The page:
Brunswick was formed. In the same year
the island of Cape Breton was given a governor
and council of its own. Cape Breton was re-
united to the parent colony of Nova Scotia in
1820, but three separate provinces remained,
each developing apart from the others, thus
complicating and making more difficult the
whole problem of union when men with fore-
sight and boldness essayed to solve it. Nova
Scotia had kept alive the tradition of leader-
ship. The province which has supplied three
prime ministers to the Canadian Dominion
never lacked statesmen with the imagination to
perceive the advantages which would flow from
the consolidation of British poWer in America.

In 1864, a few weeks before George Brown
in the Canadian House had moved for his
select committee on federal union, Dr Charles
Tupper proposed, in the legislature of Nova
Scotia, a legislative union of the Maritime
Provinces. The seal of Imperial authority
had been set upon this movejnent by the dis-
patch, already quoted, from tlie Duke of New-
castle to Lord Mulgrave in 1862.

A word concerning the services of Charles
Tupper to the cause of union will be in order
here. None of the Fathers of Confederation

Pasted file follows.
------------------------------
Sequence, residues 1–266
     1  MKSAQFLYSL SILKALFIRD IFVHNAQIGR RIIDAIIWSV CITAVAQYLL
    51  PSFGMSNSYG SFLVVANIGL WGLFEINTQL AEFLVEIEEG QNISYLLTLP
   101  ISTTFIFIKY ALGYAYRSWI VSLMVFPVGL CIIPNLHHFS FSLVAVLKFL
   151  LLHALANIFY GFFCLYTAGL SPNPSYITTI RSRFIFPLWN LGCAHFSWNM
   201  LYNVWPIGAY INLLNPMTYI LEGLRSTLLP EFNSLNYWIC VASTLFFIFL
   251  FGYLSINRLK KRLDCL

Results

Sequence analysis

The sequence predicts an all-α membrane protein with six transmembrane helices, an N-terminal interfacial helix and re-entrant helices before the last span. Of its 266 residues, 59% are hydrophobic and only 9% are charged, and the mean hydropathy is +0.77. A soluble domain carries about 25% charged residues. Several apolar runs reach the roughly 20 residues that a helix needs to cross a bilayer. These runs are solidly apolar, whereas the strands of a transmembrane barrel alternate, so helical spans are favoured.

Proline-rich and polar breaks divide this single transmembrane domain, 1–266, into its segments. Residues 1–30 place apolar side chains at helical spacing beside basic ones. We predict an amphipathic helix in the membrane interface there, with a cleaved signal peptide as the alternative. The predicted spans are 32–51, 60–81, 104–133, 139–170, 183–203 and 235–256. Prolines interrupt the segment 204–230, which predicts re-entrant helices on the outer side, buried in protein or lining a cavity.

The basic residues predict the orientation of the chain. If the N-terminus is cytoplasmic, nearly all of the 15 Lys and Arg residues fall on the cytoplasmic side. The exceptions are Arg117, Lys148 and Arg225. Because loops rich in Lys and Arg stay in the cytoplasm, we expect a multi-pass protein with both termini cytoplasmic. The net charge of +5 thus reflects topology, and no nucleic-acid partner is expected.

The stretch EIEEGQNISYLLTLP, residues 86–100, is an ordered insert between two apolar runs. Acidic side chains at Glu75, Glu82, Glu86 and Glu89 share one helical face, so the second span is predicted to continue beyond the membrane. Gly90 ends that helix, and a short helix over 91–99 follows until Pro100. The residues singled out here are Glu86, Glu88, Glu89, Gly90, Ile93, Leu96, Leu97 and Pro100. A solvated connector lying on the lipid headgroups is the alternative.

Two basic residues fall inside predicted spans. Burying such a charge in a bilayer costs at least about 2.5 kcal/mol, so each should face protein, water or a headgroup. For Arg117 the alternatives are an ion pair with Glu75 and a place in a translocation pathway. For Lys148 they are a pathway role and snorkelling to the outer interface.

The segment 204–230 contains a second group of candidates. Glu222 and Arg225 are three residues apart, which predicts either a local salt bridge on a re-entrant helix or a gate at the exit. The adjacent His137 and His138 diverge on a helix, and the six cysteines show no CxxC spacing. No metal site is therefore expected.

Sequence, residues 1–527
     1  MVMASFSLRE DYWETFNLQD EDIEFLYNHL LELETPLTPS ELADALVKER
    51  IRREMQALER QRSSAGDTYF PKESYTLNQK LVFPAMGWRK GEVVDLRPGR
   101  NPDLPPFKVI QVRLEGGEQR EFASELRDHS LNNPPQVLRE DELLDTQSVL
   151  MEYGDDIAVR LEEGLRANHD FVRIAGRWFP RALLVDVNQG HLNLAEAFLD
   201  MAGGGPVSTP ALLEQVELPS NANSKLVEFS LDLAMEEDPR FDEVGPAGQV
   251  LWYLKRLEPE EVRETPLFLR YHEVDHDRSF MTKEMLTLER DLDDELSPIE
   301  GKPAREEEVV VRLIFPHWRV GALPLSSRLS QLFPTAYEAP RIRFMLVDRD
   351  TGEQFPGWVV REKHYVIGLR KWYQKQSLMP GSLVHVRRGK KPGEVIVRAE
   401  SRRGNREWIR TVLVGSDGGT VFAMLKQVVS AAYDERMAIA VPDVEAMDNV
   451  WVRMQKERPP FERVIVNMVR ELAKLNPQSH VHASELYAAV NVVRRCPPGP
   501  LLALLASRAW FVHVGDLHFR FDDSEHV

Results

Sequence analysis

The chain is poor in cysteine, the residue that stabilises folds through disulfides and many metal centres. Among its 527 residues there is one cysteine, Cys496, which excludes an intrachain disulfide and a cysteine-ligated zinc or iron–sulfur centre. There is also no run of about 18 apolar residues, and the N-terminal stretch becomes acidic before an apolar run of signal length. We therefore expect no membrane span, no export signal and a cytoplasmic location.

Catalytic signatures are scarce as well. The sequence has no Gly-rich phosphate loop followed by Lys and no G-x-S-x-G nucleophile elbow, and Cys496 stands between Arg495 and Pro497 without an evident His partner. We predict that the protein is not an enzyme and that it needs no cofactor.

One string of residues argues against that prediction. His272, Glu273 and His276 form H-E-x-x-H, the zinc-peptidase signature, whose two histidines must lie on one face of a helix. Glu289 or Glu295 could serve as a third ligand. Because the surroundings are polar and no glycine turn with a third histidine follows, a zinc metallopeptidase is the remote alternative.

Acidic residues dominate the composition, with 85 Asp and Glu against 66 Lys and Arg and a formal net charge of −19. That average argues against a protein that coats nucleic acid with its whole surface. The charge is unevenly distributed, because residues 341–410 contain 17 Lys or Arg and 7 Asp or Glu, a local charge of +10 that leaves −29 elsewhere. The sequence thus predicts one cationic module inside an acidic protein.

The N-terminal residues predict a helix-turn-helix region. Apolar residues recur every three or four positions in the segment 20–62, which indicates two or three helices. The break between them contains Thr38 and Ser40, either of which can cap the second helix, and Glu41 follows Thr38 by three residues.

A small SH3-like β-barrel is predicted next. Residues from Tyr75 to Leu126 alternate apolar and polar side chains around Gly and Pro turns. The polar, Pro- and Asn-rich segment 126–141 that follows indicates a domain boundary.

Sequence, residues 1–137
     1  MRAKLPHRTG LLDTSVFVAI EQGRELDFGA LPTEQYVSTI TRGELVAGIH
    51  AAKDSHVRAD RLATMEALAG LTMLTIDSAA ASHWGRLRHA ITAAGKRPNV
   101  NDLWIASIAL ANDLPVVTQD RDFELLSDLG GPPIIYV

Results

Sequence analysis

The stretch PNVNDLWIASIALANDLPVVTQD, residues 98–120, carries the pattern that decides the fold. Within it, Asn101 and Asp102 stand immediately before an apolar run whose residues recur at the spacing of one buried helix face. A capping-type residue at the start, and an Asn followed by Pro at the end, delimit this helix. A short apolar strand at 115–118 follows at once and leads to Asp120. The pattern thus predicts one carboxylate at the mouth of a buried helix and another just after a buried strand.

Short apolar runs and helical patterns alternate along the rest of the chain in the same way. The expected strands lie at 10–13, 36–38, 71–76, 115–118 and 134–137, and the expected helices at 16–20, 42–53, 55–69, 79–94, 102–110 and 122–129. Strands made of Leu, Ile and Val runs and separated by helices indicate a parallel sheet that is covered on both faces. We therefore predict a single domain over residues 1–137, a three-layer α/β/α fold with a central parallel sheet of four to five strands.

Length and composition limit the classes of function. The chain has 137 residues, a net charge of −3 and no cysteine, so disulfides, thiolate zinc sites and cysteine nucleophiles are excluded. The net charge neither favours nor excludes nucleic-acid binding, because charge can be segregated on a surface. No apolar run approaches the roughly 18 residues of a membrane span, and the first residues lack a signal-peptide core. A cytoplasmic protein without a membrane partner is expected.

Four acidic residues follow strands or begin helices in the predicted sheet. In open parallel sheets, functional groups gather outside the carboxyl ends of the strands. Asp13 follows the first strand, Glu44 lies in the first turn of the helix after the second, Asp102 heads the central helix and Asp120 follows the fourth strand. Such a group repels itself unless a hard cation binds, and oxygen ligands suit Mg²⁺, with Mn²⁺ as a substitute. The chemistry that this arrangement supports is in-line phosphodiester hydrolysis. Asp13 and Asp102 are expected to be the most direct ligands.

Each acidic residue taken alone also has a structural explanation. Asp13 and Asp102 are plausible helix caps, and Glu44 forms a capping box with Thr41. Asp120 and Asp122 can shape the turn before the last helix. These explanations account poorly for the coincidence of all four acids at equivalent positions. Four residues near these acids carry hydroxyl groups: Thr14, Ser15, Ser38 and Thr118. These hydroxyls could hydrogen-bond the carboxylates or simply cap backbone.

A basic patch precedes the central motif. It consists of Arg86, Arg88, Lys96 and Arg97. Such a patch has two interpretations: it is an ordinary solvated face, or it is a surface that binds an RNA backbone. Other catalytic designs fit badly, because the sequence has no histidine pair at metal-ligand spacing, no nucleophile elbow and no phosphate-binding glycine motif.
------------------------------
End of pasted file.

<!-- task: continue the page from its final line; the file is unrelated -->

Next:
fought a more strenuous battle. None faced
political obstacles of so overwhelming a char-
acter. None evinced a more unselfish patriot-
ism. The overturn of Tilley in New Brunswick,
of which we shall hear presently, was a mis-
fortune quickly repaired. The junction of
Brown, Cartier, and Macdonald in Canada
ensured for them comparatively plain sailing.
But the Nova Scotian leader was pitted against
a redoubtable foe in Joseph Howe ; for five
years he faced an angry and rebellious pro-
vince ; he gallantly gave up his place in the
first Dominion ministry in order that another
might have it ; and at every turn he displayed
those qualities of pluck, endurance, and dex-
terity which compel admiration. The Tuppers
were of Puritan stock.^ The future prime
minister, a practising physician, had scored
his first political victory at the age of thirty-
four by defeating Howe in Cumberland county.
Throughout his long and notable career, a
superabundance of energy, and a character-
istic which may be defined in a favourable
sense as audacity, never failed him.

^ See Reoolleetions of Sixty Years in Canada, p. 2. The

original Tupper in America came out from England in 1635.

Sir Charles Tupper's great-grandfather migrated from Con-